Madame Ophelia DeVore-Mitchell, the first mixed-race model in the United States was born in 1922 in Edgefield, South Carolina to a German and French father and a Native American and African American mother. (To be honest, part of the reason why she is so inspiring to me is because she is Creole like myself.) DeVore-Mitchell attended segregated schools until she was nine years old and briefly lived with her uncle in Winston-Salem until she moved to New York City to live with a great-aunt. While in New York, she attended the Vogue School of Modeling, which excluded minorities at the time. In the first video, she describes how they thought she was white, but sporting a really nice tan.
Not one to underestimate the value of eduacation, she completed her modeling certificate, graduated from Hunter College High School, and attended New York University, majoring in mathematics. Meanwhile, she married Harold Carter, a firefighter, with whom she had five children. She later married Vernon Mitchell in 1968 who, unfortunately, died four years later.
Because of her fair complexion, she was often able to pass as Norweighan and frequently modeled internationally because it was easier for women of various cultures to break into the business. When asked about choosing to model internationally, she states bluntly that “You get recognition quickly and in a lot of foreign countries they [people] are all different colors. In that time, the image of America was totally Anglo, blonde and blue eyes.”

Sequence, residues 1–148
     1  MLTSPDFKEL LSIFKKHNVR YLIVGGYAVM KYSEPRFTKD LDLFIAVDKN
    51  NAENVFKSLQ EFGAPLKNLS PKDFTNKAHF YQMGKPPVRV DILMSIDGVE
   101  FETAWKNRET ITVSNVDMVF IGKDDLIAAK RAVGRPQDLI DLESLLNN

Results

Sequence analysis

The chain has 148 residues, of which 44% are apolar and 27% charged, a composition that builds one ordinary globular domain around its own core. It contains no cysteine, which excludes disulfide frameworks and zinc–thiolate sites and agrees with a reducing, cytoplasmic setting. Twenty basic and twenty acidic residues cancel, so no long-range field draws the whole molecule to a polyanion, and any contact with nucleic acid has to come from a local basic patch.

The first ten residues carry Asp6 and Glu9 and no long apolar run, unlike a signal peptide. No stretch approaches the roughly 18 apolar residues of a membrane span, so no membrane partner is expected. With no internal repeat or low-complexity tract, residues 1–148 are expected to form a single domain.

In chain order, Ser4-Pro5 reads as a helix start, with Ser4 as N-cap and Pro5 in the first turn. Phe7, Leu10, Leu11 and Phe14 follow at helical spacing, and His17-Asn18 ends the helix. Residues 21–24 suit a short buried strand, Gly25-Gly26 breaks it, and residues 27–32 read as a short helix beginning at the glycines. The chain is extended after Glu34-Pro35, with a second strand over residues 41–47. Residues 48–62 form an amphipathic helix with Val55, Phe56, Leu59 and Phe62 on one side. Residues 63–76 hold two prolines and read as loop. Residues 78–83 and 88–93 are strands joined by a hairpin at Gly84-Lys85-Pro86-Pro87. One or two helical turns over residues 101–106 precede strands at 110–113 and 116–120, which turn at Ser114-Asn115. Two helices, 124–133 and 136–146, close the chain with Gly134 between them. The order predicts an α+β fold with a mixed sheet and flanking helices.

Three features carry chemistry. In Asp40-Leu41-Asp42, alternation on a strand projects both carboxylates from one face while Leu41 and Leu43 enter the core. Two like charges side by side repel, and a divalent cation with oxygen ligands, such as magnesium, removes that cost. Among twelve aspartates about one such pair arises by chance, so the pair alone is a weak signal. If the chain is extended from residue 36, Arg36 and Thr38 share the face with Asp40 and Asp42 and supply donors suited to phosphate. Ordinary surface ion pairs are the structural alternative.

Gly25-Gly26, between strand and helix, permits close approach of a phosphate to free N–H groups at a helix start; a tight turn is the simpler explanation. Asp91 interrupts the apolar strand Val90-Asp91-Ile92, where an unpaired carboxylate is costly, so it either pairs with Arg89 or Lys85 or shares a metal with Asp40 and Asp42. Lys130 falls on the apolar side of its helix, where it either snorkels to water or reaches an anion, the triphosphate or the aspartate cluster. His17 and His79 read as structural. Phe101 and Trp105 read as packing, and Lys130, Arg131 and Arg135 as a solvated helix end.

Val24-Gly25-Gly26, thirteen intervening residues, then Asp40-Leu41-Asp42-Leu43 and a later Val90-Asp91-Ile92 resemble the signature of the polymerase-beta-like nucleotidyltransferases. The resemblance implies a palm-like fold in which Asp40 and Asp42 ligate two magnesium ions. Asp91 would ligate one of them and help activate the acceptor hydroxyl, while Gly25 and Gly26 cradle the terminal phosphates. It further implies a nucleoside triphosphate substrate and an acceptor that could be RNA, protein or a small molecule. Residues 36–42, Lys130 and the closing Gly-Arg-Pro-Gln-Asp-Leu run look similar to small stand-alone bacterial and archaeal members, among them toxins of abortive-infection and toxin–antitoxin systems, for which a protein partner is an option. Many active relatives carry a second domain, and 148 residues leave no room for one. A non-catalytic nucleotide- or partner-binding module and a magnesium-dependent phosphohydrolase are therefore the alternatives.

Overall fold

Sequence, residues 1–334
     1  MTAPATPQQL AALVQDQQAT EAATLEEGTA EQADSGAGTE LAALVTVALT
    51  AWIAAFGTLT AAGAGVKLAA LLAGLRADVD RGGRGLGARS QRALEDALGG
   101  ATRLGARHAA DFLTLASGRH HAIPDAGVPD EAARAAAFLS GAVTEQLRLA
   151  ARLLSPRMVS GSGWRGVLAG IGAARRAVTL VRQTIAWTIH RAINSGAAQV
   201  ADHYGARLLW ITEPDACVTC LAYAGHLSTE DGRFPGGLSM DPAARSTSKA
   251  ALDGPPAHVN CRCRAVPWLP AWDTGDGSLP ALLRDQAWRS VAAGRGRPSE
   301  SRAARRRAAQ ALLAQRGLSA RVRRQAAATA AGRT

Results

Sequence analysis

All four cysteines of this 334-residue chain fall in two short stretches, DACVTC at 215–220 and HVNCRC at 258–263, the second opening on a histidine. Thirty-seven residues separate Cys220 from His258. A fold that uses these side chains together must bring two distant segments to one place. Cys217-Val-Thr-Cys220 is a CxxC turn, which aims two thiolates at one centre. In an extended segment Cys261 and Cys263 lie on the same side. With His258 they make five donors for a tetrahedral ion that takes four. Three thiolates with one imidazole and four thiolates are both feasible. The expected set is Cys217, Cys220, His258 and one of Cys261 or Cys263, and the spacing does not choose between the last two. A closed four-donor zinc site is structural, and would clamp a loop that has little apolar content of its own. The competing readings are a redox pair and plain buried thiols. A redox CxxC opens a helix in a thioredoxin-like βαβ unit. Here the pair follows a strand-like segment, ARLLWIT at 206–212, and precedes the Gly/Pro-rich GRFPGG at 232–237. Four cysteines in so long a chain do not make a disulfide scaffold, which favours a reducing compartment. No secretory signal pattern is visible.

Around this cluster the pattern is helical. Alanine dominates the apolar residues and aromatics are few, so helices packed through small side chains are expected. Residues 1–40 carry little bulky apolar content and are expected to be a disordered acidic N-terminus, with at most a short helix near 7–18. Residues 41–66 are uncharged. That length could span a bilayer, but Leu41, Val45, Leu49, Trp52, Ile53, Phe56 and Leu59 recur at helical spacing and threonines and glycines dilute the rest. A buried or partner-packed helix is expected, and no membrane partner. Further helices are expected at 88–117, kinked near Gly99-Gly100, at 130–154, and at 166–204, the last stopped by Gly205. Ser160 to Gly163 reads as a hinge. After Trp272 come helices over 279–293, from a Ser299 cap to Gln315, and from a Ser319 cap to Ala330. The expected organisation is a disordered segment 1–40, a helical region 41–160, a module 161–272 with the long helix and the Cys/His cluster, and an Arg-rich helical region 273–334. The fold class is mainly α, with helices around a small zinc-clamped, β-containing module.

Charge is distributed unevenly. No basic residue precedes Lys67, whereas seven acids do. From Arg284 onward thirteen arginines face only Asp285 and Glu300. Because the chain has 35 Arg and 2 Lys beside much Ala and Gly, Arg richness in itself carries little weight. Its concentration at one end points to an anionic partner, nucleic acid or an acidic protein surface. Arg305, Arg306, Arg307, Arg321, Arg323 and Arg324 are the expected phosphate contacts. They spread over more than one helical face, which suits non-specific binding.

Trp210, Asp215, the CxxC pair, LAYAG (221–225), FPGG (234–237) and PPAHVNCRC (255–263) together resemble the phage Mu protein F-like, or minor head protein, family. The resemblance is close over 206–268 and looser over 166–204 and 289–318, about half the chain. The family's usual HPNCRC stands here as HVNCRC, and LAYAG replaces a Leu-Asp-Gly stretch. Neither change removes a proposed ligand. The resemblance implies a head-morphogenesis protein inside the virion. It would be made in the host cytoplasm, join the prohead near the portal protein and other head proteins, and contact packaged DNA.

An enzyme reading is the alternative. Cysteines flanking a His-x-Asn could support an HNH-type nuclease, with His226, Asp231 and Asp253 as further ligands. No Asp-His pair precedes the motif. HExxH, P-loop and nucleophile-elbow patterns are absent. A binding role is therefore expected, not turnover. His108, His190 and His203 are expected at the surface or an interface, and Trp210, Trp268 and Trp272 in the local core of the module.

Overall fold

At the age of 24 (24!), she created her own modeling agency, the Grace Del Marco Agency, with the sole purpose of introducing more diversity to the modeling world. Her mentees included women such as Cicely Tyson, Diahann Carroll, and Susan Taylor — the long-time editor of Essence — as well as men such as Richard Roundtree and Raymond St. Jacques. Besides being a mentor for aspiring models, she was close friends with many prominent civil rights leaders including Martin Luther Jr. and Adam Clayton Powell.
Since she retired from modeling, she has focused on her agency along with establishing the first ethnic beauty contests in the United States, writing a fashion column for the Pittsburgh Courier (one of the country’s longest-running black newspapers), and creating a line for cosmetics for people of color.
Her agency was renamed Ophelia DeVore Associates and subsequently the Ophelia DeVore Organization and it still a pivotal force in the lives of people of all cultures today. At the end of the first video, she says, “Modeling was a vehicle I used to communicate a positive message of my people. I want everybody to be accepted, as human beings.”